Monday, April 25, 2011

Iconic Monday: The Bang Bang Club

I have not seen the new movie, but I will. It comes out just as the photography and media communities grapple with the loss of Tim Hetherington and Chris Hondros--one of those unpleasantly weird coincidences that happen from time to time--and with any luck it will help shed some light on the work of war photographers. At the very least the film will serve as a conversation starter.

The Bang Bang Club was a group of four photographers--Kevin Carter, Greg Marinovich, Ken Oosterbroek, and Joao Silva--who covered the end of apartheid in South Africa. Memories being such tricky, unreliable things, it is easy to recall that time as more peaceful than it actually was. The period leading up to the national elections in 1994 was tumultuous and violent. It continued after the election as well, as white supremacist groups tried to create breakaway homelands. The world's press corp on hand to document it. It was the story of the day.

One of the iconic images of the period is the shot above, which shows the famed photojournalist James Nachtwey at work during the election period. Nachtwey was not a member of the Bang Bang Club, but he often worked closely with them. This image was taken by another famed photographer, David Turnley of the Detroit Free Press. While memories can be unreliable, pictures like this one are vivid reminders of actual events. In this case, the image also crystalizes the moral imperatives that are part of the war photographer's daily life.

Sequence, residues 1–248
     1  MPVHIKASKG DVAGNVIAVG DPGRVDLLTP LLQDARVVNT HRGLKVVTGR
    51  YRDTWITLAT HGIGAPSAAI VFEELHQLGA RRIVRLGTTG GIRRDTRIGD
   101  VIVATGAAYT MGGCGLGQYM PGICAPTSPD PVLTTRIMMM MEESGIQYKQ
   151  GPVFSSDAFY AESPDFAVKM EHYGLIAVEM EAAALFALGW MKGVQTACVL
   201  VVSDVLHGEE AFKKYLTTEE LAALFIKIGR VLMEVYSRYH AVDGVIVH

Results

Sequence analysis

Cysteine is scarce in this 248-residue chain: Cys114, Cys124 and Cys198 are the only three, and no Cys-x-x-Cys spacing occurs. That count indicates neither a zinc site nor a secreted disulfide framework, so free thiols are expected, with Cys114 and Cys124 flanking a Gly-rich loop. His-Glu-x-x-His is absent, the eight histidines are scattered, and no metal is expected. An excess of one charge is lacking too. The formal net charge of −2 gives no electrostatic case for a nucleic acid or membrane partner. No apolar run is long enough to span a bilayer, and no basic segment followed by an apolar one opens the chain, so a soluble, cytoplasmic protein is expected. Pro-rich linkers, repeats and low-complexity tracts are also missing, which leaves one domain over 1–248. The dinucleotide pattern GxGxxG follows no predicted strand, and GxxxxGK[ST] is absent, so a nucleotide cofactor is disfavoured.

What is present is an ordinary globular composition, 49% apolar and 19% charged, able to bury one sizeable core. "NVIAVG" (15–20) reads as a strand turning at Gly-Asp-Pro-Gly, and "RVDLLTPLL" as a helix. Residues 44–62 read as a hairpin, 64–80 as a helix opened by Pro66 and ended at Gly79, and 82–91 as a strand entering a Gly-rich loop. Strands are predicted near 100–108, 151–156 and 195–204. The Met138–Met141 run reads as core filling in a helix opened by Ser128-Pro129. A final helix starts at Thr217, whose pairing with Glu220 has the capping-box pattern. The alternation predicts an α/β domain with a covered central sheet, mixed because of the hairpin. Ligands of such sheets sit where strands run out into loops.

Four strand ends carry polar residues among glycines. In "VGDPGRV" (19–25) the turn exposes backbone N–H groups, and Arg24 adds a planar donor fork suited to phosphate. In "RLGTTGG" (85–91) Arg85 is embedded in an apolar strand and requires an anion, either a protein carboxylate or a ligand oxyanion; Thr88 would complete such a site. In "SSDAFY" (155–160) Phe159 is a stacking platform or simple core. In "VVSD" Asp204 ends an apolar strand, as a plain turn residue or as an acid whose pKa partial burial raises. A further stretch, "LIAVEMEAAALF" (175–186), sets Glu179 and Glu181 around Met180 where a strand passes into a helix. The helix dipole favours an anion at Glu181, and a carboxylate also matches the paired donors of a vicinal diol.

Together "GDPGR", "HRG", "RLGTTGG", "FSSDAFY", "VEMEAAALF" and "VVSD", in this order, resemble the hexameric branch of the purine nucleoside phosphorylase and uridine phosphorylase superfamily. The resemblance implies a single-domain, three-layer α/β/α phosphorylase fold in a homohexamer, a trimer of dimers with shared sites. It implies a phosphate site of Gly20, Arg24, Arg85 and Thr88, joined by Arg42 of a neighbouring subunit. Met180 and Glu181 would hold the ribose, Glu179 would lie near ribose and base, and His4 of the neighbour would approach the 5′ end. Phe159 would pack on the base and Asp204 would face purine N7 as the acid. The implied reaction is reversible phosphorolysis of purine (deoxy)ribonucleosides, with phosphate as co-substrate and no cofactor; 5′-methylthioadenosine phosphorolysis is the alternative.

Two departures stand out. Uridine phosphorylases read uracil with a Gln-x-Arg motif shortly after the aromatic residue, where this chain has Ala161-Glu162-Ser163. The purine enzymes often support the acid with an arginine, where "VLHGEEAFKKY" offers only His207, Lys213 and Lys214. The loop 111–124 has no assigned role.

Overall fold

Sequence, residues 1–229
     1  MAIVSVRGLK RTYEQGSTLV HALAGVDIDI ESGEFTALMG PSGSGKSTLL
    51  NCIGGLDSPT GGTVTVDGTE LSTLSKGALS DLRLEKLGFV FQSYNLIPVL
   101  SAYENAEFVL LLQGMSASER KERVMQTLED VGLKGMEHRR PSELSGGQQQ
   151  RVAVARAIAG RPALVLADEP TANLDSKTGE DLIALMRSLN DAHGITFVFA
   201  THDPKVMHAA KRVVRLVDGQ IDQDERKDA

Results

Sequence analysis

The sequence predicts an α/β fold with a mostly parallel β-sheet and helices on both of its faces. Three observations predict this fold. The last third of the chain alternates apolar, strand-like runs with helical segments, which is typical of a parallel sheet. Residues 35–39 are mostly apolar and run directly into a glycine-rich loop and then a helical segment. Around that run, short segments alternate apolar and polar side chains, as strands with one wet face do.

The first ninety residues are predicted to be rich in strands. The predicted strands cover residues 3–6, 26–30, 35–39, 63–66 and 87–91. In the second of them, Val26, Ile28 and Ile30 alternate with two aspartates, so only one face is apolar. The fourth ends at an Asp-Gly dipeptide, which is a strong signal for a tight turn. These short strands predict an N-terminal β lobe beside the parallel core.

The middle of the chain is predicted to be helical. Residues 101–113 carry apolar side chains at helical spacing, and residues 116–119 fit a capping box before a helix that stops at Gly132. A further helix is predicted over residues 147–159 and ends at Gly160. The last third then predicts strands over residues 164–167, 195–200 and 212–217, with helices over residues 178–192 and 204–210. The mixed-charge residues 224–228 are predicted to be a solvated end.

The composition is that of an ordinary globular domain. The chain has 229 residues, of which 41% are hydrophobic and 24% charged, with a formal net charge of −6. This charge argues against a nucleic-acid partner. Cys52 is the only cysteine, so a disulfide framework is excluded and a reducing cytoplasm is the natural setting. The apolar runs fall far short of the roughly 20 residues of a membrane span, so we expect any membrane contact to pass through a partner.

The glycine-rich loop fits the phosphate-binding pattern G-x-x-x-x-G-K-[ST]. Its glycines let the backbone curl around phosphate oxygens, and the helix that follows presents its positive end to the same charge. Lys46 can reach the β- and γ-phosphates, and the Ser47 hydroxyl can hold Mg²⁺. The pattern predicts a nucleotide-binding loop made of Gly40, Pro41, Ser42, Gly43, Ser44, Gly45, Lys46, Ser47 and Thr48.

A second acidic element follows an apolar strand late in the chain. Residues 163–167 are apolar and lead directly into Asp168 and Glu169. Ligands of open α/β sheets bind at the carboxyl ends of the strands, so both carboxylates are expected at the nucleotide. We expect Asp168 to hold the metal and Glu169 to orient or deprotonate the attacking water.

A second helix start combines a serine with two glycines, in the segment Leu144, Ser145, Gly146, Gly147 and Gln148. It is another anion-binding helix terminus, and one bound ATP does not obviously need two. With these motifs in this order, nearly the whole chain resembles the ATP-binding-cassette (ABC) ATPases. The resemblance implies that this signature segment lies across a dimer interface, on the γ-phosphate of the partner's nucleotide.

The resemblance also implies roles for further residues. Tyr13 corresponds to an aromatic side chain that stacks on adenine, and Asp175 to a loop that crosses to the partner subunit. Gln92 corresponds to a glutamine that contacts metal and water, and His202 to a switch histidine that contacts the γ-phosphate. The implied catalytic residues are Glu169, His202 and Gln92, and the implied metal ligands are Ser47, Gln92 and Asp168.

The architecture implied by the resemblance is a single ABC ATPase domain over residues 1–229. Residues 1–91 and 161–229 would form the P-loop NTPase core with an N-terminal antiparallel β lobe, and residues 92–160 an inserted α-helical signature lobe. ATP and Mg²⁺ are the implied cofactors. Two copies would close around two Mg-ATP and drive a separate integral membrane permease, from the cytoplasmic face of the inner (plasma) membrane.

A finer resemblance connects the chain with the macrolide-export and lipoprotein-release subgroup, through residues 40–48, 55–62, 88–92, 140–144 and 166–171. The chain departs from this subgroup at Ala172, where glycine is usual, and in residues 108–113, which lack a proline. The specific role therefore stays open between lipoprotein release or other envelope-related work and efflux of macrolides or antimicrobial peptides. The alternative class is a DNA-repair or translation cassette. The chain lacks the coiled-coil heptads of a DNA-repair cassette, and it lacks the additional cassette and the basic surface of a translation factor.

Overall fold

The story of the Bang Bang Club--the name came from an article about the photographers printed in a South African magazine--is a looping tale of moral imperative, which I suppose someone thought it would make for a compelling film. There is an aspect of war photography that is predatory--all journalism is, in a sense, but the issue are so acutely apparent when the subject matter is violence and cruelty. Risking one's life to take pictures of war--that can be seen as the ultimate selfless act, or the ultimate selfish act, or both, depending on how you prefer to look at it.

Ken Oosterbroek was killed on April 18, 1994, caught in crossfire between  the National Peacekeeping Force and supporters of the African National Congress in Tokoza township. War photographers often find themselves in crossfire; it is part of the narrative of the profession, in both a real and metaphorical sense.

It was on March 11, 1994 that that Bang Bang Club's Kevin Carter, made another iconic image of the violence in South Africa--the execution of several members of a white supremacist group called the Afrikaaanse Weerstandsbeweging, or ABW.  That day, he and Nachtwey decided to cover the black homeland of Bophuthatswana, whose president, Lucas Mangope, had provoked demonstrations with his decision to not participate in the national elections. Mangope also invited far-right extremists into the homeland to contain the unrest. The stage was set for a confrontation between the Bophuthatswana army and the extremists. Carter later described the scene to the photo magazine I edited:

At one point Jim Nachtwey and I spotted a fast-moving group of six armored cars of the Bop army. They were careering around, shooting off their guns, apparently because they'd routed the AWB. Jim and I decided to keep going and went to investigate a factory fire, and soon after we drove right into a convoy of 15 to 20 AWB cars and pickups. Jim swerved to avoid colliding with them and casually said, "Holy cow, Kev, we're in the middle of the AWB."